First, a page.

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Solving the Parenting Paradox

We offer four guidelines to solving the parenting paradox. These guidelines, begun when our children are young, will help us avoid falling into this paradox. We are not suggesting if these guidelines are first applied at a later age that they cannot be effective. However, if we begin to refine effective patterns of helping our children when they are young, they are more likely to be responsive and listen to us as they grow.

Guideline One:
Let Empathy Be Your Guide.

Guideline Two:
Bite Your Tongue, Watch and Listen.

Guideline Three:
Understand Before You Respond.

Guideline Four:
Compliment and Be Patient.

Read the FULL article here:
http://www.raisingresilientkids.com/resources/articles/stop_fixing.html

Find out more about Raising Resilient Children : Fostering Strength, Hope, and Optimism in Your Child

 

 




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It is indeed tough to be a

It is indeed tough to be a parent. But it's a great joy and priviledge too. One thing that I've learnt and still learning in the process is to manage my expectations and to let go.

Over the years, I've learnt to lower my expectations for the children and also of myself as a mother. It really helps me to feel less stressed up and not to fret unnecessarily over their carelessness and silly mistakes. I've learnt to be more tolerant and accepting of their weaknesses, trying to look at the big picture instead of picking on the details.

In a way, I feel more liberated from the process and am a happier and more relaxed mummy.

 

csc | Mon, 25/05/2009 - 11:04am

Confused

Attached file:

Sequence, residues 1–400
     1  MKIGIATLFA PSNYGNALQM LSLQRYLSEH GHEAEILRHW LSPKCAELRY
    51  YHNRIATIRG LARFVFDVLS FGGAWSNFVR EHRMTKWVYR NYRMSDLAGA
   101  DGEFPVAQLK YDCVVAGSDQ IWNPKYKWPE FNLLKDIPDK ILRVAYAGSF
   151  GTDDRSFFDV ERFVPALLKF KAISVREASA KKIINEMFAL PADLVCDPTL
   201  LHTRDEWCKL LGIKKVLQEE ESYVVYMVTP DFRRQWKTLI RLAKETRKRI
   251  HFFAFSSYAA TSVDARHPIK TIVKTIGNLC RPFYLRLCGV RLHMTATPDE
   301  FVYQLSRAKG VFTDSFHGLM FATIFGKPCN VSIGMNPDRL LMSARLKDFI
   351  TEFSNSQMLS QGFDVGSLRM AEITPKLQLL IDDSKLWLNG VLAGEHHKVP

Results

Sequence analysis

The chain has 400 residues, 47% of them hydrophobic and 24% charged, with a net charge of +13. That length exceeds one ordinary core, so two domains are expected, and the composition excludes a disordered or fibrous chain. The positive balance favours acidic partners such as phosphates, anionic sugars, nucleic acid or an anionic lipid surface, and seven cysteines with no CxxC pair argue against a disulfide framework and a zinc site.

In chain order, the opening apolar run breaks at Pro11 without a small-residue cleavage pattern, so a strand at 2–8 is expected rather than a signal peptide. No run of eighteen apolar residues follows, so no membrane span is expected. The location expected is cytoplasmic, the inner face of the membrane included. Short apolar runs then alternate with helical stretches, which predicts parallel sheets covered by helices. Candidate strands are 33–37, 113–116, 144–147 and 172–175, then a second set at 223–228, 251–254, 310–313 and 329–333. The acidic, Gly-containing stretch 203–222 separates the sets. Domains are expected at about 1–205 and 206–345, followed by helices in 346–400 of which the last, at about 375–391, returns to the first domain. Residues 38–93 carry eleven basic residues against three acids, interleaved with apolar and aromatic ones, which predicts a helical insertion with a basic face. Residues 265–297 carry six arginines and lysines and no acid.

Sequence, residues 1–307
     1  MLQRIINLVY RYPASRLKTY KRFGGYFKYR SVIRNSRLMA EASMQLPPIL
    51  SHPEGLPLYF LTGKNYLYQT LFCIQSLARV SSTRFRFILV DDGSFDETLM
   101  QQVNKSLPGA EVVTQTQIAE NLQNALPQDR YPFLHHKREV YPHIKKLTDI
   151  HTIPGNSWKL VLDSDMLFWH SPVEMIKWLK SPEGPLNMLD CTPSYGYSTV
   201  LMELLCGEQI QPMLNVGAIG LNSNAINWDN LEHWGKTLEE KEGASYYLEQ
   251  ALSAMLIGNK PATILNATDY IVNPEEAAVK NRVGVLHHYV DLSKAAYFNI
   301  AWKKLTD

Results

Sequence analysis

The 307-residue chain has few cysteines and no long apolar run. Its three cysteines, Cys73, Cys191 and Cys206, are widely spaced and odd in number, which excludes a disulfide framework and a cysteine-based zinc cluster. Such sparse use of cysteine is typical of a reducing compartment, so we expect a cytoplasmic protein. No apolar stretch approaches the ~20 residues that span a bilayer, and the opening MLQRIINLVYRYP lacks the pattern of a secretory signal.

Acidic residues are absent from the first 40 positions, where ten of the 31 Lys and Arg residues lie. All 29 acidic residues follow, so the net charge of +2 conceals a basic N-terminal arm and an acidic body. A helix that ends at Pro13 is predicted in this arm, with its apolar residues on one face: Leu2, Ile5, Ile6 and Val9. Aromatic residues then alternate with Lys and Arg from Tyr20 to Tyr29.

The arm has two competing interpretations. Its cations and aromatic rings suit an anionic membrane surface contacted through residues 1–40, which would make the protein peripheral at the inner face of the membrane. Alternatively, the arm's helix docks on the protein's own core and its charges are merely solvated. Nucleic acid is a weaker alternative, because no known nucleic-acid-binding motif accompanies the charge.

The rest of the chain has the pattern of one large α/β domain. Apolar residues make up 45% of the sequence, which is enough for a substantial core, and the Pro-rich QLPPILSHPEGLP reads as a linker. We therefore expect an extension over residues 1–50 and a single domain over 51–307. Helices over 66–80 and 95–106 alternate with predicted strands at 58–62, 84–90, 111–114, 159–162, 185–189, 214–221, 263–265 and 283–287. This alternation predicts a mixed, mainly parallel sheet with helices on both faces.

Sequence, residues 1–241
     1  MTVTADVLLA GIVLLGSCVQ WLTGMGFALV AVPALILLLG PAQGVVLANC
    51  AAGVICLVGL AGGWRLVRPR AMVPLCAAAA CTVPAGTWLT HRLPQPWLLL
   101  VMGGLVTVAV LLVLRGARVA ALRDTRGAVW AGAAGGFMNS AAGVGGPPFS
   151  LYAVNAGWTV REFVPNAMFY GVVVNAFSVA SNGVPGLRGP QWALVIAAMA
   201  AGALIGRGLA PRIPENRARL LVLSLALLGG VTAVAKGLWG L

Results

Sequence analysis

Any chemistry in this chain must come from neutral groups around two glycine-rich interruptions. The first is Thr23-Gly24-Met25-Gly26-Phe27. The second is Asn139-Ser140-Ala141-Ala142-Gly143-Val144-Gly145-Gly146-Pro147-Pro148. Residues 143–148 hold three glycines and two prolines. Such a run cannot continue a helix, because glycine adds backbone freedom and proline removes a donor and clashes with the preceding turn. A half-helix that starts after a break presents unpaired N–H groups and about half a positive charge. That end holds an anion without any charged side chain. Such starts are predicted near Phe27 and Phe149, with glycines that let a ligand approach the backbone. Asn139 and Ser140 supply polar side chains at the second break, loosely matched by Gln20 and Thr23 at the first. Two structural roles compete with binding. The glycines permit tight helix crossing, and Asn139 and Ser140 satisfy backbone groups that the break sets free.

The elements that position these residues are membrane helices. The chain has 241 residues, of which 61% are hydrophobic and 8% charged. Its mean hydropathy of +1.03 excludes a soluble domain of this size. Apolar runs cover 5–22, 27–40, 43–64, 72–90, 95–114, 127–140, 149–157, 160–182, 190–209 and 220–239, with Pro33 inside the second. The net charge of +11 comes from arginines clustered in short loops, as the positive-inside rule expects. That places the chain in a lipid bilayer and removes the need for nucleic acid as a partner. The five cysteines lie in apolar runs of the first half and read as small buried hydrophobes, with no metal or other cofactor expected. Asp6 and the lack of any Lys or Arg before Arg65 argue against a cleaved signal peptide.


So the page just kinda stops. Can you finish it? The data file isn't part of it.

good resource article, insider, thanks.

this morning i lost patience with my 5 yo cos she was not paying attention while she was drinking her orange juice while watching TV. this resulted in her spilling her juice all over her school uniform. i ended up beating her hand and scolding her, instead of my usual telling her sternly to pay attention to what she was doing.

i know its my own fault that i let her watch TV while drinking her juice, which resulted in her getting distracted and spilling the drink. Then again this is not an activity which she is new to - she definitely knows how to drink her jiuce, just that she is not paying attention. despite our telling her upteen times to pay attention to what she is doing, she seems sometimes to be in a world of her own, and making all these mistakes that she shouldnt be making. of course i reckon that where kids are concerned, there is no such thing as making mistakes that they shoudnt be making - they are afterall kids.

so herein lies the confusion - while we know the theories and principles, we (at least for me) fall into all sorts of traps that bring harm to the kids. As parents, we are beings ourselves - we have our fair share of blind spots and weaknesses.

not that this is an excuse - its just that its sometimes a tough call, at least for me.

ImMeeMee | Mon, 25/05/2009 - 9:48am